The BBC has visited a leading exponent a number of times. Here is what they reported in August 2022 ( The Bristol-based Jones Food Company is preparing to launch the biggest vertical farm in the UK. There is a lot of high tech green know-how at work in the business. However, while its carbon footprint is doubtless beyond reproach, one is left wondering whether there is any role for nature in this high tech warehouse. After all, there is no commercial requirement for nature to be a part of any business plan.

The Jones Food Company website argues that its core business is farming sustainably, without some of the “hazardous substances” associated with field farming. By cleaning and reusing water up to 30 times, water intake is one tenth of what a conventional field crop would need. JFC also argues that in-house water hygiene allows the company to operate without toxic crop treatments, saving money and improving the flavour of crops.

This is an activity that sets out to be part of the solution, if not all of the solution, rather than any kind of problem. The basic assumption that what goes on in the wider world is either too distant or irrelevant does not hold water. There is a duty of care to the planet to give some thought to the whole ecosphere, when planning what goes into a growing space, however small.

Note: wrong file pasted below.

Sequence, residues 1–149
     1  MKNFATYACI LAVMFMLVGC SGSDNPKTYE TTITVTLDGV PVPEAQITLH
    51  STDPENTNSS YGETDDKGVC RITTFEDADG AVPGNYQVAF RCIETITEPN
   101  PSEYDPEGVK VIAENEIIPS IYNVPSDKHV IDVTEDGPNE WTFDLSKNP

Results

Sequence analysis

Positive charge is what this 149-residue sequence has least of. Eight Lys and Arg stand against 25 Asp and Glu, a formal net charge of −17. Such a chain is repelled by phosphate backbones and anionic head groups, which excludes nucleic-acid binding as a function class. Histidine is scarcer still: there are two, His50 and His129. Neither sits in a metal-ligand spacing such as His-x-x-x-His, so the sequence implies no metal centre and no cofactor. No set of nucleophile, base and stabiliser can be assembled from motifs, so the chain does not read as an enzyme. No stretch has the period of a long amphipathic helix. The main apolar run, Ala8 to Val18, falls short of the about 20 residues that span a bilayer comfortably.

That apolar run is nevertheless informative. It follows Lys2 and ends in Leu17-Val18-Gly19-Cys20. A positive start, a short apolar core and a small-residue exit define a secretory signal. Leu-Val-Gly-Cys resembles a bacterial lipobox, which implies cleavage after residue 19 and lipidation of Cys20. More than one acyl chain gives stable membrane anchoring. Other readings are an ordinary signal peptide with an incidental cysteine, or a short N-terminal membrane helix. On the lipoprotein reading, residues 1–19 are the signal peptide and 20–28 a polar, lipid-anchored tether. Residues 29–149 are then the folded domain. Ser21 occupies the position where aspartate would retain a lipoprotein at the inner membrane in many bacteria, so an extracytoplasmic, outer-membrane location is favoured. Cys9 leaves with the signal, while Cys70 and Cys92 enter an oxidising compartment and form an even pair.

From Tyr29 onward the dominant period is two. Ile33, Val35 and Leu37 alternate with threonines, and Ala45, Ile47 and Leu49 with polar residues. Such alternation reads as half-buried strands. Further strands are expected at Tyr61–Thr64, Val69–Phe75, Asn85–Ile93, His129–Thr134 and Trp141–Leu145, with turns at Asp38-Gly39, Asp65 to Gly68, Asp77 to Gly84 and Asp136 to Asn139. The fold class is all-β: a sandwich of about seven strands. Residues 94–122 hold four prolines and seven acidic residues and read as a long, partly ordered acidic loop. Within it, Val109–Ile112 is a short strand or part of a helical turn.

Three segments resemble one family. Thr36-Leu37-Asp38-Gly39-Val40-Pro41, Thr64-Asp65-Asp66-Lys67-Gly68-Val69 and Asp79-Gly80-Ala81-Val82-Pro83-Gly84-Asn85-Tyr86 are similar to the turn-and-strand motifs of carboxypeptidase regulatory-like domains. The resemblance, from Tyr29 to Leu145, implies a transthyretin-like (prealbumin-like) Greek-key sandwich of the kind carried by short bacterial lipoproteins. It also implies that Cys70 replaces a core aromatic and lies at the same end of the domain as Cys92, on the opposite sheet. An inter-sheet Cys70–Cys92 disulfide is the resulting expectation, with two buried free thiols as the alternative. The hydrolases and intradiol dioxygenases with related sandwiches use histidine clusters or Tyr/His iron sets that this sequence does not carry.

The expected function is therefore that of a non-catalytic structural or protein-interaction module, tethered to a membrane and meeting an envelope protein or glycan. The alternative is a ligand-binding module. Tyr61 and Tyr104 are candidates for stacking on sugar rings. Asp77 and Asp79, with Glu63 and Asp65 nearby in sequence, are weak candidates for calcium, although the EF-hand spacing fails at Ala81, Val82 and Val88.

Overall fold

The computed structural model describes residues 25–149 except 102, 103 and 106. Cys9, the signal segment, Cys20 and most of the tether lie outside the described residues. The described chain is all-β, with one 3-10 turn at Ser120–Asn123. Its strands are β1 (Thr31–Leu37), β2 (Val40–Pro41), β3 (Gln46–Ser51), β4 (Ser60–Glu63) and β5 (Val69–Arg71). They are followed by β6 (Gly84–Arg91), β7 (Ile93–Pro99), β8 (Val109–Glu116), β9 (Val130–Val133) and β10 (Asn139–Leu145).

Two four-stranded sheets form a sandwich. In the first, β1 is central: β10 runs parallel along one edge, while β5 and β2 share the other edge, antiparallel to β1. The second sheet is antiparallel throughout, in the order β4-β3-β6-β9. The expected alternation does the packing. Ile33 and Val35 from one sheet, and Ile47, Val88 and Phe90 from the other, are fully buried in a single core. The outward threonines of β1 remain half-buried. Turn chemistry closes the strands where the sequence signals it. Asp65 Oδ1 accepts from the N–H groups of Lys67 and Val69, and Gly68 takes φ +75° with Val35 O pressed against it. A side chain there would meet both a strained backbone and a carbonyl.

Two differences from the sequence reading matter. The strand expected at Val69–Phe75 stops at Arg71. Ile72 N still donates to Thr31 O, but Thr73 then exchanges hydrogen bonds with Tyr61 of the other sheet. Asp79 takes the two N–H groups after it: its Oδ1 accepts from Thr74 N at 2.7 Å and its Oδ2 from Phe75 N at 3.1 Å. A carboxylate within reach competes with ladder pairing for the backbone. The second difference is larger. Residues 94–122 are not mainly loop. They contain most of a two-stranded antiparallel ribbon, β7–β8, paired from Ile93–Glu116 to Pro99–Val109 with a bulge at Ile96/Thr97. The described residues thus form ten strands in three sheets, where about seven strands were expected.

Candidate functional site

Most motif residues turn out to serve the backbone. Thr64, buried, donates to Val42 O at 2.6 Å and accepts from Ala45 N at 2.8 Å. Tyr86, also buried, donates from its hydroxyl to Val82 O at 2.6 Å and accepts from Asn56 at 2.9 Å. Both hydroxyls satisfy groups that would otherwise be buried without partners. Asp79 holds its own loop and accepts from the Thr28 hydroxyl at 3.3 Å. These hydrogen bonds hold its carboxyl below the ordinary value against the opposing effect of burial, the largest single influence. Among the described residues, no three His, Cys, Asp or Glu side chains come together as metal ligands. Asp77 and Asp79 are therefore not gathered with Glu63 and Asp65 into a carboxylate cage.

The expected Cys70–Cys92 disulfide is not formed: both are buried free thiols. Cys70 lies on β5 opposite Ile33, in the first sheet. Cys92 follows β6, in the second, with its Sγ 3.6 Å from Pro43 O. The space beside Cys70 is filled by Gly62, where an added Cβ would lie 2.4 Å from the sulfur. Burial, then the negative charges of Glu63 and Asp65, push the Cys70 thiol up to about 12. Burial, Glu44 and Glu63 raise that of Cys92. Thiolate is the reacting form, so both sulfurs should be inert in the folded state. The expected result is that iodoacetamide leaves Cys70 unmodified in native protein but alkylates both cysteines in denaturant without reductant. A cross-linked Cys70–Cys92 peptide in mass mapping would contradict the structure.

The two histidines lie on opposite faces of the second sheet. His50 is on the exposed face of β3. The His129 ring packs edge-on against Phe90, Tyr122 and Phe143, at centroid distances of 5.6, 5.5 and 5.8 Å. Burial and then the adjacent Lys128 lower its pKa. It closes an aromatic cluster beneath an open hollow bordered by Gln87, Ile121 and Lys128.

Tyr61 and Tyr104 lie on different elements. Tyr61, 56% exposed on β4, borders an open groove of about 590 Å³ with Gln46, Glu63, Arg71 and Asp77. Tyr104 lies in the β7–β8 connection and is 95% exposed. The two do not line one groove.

Seen from that angle, the emphasis changes in a subtle shift towards a planetary view. To be sure, assuming that the vertical farmer is so close to her customers that food miles cease to be an issue, whereas procurement of fluorescent tubes probably requires a longer trip around a continent or two. It may be that the calculation of food miles needs to be done on the basis of inputs as well as outputs.

City life 1.0

The foundations of any society must needs be its harmony with, for want of a better term, nature. There is simply no way we can live outside nature, so we have to recognise that we are part of it and live accordingly. This is easier to say than to do, so my apologies for not having ready answers to the torrent of issues such a line of thought unleashes.